CEANYC Stands for Climate Justice

Five years ago, Superstorm Sandy blasted our city, leaving tens of thousands of people homeless. As a result, communities—primarily those comprised of low income New Yorkers of color—were devastated. As we saw in Sandy and Katrina, and have seen again with Irma, Maria, and Harvey, institutional support fails to keep our cities safe and rebuild the lives of those on the frontlines. Cooperatives—like housing cooperatives and community land trusts, food cooperatives, worker-owned cooperatives, community gardens, and housing cooperatives—on the other hand, have a history of immense resilience and support. It is community-owned and community-governed land and property that will provide people (us) necessary relief in the wake of disaster We know that climate change makes storms like Sandy more violent and intense, and we know that fossil fuels and an economy rooted in extraction and environmental racism are to blame. Disasters like Sandy will get worse as long as our elected officials keep supporting profit over people, whether it happens through fossil fuel extraction or luxury development on our city’s waterfront, and our most vulnerable communities will be the ones […]

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Disaster Relief

In the wake of Hurricanes Irma, Maria, and Harvey, we have seen that institutional and government responses consistently fail to meet the needs of those most directly impacted by climate disaster. Cooperatives, on the other hand, have a history of providing much-needed support and infrastructure in the wake of climate disaster. The folks who make up the solidarity economy in New York City come from communities hardest hit by climate change and thus are often sites of regeneration and climate innovation. We are accustomed to listening and meeting real, rather than imposed or cultivated needs. After Hurricane Sandy hit, worker-owned cooperatives were developed to put the neighborhoods most affected back together. It is no surprise, then, that our members are moving resources into on-the-ground, grassroots-led forms of relief in Puerto Rico, Mexico, and Texas. Check out where Caracol Language Coop is sending donations, support community-driven and highly localized relief efforts for Hurricane Maria and Irma, and give to cooperatives putting in immense work to uplift devastated communities in Texas.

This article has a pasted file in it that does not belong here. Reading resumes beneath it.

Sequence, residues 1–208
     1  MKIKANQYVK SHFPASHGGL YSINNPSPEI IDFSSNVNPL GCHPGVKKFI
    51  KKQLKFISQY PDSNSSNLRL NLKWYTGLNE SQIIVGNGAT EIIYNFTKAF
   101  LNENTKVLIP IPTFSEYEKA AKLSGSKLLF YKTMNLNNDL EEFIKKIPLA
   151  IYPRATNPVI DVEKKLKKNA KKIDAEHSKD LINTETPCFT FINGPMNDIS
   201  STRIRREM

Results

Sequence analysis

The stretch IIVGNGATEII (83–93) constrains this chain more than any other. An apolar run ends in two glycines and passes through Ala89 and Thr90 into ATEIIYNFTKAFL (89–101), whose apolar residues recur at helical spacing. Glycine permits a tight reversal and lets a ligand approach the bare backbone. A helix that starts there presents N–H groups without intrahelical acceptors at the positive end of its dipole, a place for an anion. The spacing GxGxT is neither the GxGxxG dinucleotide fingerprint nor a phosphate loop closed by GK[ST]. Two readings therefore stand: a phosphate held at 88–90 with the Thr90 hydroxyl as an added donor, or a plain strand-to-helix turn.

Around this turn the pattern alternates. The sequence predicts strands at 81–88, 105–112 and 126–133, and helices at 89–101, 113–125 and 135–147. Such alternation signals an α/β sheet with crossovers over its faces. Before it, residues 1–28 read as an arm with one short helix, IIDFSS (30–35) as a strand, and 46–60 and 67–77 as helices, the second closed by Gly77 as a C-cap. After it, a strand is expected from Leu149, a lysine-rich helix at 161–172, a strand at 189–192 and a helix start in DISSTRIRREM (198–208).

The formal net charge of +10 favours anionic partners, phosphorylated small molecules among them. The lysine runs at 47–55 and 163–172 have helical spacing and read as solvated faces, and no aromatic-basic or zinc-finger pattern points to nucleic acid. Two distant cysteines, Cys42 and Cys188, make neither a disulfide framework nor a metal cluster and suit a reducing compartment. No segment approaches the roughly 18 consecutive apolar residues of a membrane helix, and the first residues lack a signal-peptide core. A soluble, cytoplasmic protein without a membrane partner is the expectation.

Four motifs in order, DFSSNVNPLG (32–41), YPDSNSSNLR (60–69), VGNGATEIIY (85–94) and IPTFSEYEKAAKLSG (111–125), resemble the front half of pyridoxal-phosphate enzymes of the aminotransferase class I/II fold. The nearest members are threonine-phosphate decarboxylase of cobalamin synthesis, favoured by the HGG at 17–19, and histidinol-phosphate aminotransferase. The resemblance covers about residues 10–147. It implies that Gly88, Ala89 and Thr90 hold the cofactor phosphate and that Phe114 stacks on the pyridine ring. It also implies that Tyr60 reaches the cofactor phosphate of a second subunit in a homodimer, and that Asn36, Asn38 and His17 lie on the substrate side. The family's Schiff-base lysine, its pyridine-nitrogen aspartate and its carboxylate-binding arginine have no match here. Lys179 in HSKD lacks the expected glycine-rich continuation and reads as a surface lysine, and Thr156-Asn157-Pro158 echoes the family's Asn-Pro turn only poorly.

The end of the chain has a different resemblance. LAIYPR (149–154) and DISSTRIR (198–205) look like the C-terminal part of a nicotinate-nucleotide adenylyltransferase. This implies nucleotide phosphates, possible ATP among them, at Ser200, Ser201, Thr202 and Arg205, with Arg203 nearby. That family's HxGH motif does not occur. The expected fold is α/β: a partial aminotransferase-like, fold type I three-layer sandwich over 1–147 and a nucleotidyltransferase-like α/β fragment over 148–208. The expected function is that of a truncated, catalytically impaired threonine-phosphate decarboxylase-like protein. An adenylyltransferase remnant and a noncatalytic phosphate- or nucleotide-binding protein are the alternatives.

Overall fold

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Policy Plans

  On September 18th, we convened with representatives from worker cooperative, housing cooperative, and low-income credit union networks to discuss cross-sectoral policy and advocacy strategy moving forward. With city support for expanding worker ownership through initiatives like the Worker Cooperative Business Development Initiative, increased attention on housing cooperatives and community land trusts as a way to resist gentrification and climate displacement, and expanding participation in credit unions and public banks across the country, we believe it is crucial to work together to develop a cooperative platform for New York’s solidarity economy. In the past, CEANYC has supported sectoral advocacy in a variety of ways: supporting worker cooperative expansion, amplifying and participating in calls to action from: the New York City Community Garden Coalition to preserve endangered gardens,  Urban Homesteading Assistance Board on tenants rights campaigns, advocating for a community land trust on the contested Bedford-Union Armory site, and National Federation of Community Development Credit Unionsa federal push to preserve Community Development Financial Institutions,  and New Economy Project’s campaigns to protect low-income New Yorkers from predatory lending. We have also supported single issue […]

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About Our Directory

In times of crisis and corruption, we continue to see which solutions work—repair homes, sustain food sources, create jobs, save lives—and which ones do not. When Hurricane Sandy hit New York City in 2012, we were reminded that cooperation in the form of community self-organization and networks of solidarity kept the death count low while large non-profit organizations, corporations, and government support failed to make long-term and effective change. People share, barter, crowdsource, and sacrifice in order to replenish what has been taken from them and maintain what little they may have. Such collaboration has been and will be our greatest strength in the face of other inevitable natural disasters, increased militarization, police brutality, gentrification, and economic crisis. While the resilience and power of a people united is most visible in times of catastrophe, these networks of inter- and cross- community support are operating every day around the world, including here in New York City. Yet, the solidarity economy, despite its rich and diverse history as well as intuitive logic, remains an ‘alternative’ to our dominant system: extractive capitalism. In order to figure […]

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